Authors are invited to submit abstracts, case studies, or position papers (maximum 5 pages, including the references and appendices) via EasyChair (CREDS 2014). Papers accepted by the workshop will be published in the Conference Proceedings published by IEEE Computer Society Press.

While there are NO formatting requirements for your submissions, any accepted text will need will need to comply with IEEE guidelines for publication (i.e., Papers must be formatted for US letter (not A4) size paper. The text must be formatted in a two-column layout, with columns no more than 9.5 in. tall and 3.5 in. wide. The text must be in Times font, 10-point or larger, with 11-point or larger line spacing. Authors are encouraged to use the IEEE conference proceedings templates. LaTeX submissions should use IEEEtran.cls version 1.8, dated 2012/12/27).

Costs/Fees: There are workshop registration fees required to attend, as this workshop is co-located with the 35th IEEE Symposium on Security and Privacy (IEEE S&P 2014), an event of The IEEE Computer Society's Security and Privacy Workshops (SPW 2014).


Submission deadlineMarch 15, 2014
Workshop acceptance notification dateMarch 22, 2014
Final paper submission deadlineApril 1, 2014
Workshop dateMay 17, 2014 (Saturday)


May 17 (Saturday)

Place: The Fairmont, San Jose, CA
  • 07:30 - 08:30 Breakfast
  • 09:00 - 09:15 Welcome, Introductions, Opening Remarks
    • Expectation setting for the day
    • Brief intros
  • 09:15 - 10:00 Exploring the Pillars of a More Effective Research Ethics Culture
    • What education and awareness is needed?
    • What information sharing/coordination, and knowledge and technology transfer mechanisms need to be developed or improved to meet ethical needs?
      • "Ethics in Data Sharing - Developing a Model for Best Practice," Sven Dietrich (Stevens Institute of Technology), et al.
  • 10:00 - 10:30 Morning coffee break
  • 10:30 - 12:00 Exploring the Pillars - Community and Leadership
    • Ethics and Big Data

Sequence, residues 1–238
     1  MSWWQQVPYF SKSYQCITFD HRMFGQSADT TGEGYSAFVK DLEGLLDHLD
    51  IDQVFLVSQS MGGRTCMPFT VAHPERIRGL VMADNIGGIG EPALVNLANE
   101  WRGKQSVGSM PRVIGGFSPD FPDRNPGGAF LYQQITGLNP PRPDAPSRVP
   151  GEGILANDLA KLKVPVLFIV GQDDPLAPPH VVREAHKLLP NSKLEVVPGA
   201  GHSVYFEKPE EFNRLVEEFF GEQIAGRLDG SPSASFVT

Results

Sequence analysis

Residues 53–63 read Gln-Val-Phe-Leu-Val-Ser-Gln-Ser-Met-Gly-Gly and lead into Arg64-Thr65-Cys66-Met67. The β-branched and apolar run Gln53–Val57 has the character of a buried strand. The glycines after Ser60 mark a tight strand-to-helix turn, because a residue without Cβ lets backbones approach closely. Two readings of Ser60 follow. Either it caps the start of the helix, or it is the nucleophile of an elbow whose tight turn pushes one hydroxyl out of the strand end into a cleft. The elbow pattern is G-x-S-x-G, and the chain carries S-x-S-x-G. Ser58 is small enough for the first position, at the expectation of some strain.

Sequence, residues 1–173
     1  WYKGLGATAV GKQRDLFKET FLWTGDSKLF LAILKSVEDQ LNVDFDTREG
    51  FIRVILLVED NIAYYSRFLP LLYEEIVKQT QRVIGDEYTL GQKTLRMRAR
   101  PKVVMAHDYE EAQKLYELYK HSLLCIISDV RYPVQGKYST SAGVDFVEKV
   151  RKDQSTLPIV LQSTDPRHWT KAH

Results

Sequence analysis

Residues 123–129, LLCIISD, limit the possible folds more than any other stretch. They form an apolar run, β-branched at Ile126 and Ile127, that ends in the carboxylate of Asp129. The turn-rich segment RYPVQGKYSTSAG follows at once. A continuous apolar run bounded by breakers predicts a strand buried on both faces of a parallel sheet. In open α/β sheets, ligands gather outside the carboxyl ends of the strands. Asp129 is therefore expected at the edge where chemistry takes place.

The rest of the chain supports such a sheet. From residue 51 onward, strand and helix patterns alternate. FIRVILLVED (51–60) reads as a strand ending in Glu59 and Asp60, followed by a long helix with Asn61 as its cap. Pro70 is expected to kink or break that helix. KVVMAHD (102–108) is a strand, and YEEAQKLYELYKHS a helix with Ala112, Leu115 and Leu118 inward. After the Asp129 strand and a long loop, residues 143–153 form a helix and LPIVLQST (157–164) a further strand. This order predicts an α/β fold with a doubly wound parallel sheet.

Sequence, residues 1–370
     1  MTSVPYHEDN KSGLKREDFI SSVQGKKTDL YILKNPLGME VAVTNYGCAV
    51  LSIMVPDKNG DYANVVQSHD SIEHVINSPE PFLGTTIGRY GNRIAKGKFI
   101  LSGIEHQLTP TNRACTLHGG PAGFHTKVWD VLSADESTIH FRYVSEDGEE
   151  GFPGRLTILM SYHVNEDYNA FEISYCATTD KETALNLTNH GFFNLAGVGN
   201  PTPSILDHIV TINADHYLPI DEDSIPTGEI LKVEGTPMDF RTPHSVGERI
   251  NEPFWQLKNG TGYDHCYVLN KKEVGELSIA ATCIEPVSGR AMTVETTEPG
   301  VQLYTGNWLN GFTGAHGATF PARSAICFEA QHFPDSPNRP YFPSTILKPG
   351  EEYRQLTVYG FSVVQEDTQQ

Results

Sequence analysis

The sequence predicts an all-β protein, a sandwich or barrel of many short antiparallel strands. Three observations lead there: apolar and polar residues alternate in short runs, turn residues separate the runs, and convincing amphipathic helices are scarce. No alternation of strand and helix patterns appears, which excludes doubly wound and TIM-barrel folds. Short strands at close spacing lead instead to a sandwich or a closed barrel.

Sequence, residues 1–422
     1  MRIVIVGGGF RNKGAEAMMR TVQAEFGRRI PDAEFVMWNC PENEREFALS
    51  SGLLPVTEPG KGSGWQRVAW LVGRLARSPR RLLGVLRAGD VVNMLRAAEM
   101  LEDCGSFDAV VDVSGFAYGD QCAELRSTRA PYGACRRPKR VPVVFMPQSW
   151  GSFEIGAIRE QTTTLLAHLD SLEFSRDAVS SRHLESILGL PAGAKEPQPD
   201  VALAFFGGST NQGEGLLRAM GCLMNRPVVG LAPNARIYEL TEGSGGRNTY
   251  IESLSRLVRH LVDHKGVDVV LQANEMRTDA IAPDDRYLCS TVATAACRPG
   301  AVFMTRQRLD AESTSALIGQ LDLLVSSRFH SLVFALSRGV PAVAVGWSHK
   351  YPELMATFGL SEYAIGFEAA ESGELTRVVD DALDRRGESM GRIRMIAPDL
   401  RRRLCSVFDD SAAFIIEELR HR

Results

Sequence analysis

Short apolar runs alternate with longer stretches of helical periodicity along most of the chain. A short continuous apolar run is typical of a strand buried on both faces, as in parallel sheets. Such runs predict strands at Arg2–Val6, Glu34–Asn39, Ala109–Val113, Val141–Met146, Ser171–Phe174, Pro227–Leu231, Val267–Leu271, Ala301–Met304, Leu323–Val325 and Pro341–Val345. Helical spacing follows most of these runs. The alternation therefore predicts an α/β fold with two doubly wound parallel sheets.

• What leadership should be engaged (i.e., institutional, government, peer groups), and what should their respective roles and responsibilities be?
      • What is the role of Program Committees in ensuring published papers meet standards of ethics?
      • What might the focus and structure of a community-informed "best practices" look like?
  • 12:00 - 13:00 Lunch
  • 13:00 - 14:30 Chairs Session: Exploring the Pillars in Practice
    • the growing market of practical controversies where both industry and researchers have a stake (and sometimes even a co-dependency) in the outcomes
      • Botnet takedown (e.g. proxying consent for vulnerable users, account suspension/blocking thresholds and criteria), Paul Vixie (Farsight)
      • Group Discussion
  • 14:30 - 14:45 Closing Remarks

Chairs and Organizers

  • Co-Chair Michael Bailey, University of Michigan
  • Co-Chair Erin Kenneally, Cooperative Association of Internet Data Analysis (CAIDA), University of California San Diego

Program Committee

  • Mark Allman, International Computer Science Institute
  • Michael Bailey, University of Michigan
  • Elizabeth Buchanan, UW-Stout
  • kc claffy, CAIDA, University of California San Diego
  • David Dittrich, University of Washington
  • Charles Ess, University of Oslo
  • John Heidemann, University of Southern California
  • Erin Kenneally, CAIDA, University of California San Diego
  • Douglas Maughan, U.S. Department of Homeland Security
  • Stefan Savage, University of California San Diego
  • Stuart Schechter, Microsoft Research


Erin Kenneally,
Michael Bailey,

Workshop Sponsors